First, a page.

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wow. That's a significant gotcha.

I guess there's no reasonable way of changing the language to prevent that from happening, say, only allowing asserts on variables? (I mean obviously because it would break python, but also because it would be an inconsistant implementation.)

In the general case, this is hard because you can easily disallow a lot of useful cases that don't cause problems.

For example, say you want to assert that a particular property of your object contains something:

    assert obj.whatever != None
Whoops, unless your compiler is sophisticated enough to be able to follow the call chain and ensure that the getter doesn't cause any side effects, this is now no longer allowed. You'd have to use a temporary variable, which is unnatural and prevents the very optimization you're trying to pull off.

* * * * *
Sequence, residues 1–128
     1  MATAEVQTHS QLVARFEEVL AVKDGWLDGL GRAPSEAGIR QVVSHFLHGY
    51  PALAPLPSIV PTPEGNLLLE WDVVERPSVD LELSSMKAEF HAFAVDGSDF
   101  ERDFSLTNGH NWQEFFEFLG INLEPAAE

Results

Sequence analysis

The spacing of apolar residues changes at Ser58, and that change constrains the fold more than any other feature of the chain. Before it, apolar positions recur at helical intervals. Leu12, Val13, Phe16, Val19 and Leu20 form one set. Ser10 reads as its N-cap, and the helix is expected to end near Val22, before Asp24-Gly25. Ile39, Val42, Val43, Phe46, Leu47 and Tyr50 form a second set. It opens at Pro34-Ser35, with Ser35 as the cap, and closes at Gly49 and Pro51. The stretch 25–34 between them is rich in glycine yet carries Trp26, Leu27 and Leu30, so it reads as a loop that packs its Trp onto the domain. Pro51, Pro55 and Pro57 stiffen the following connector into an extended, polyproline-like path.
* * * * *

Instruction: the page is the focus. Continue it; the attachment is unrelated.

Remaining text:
The reason Python devs may not know this is that almost nobody runs python with -OO -- as it's mostly a no-op with barely any in-place optimisations. At least not in CPython.

Most developers who work with executable compilers tend to know about this sort of thing already; no doubt because for some of them they've done this very thing by accident and gotten burnt by it at some point or another.

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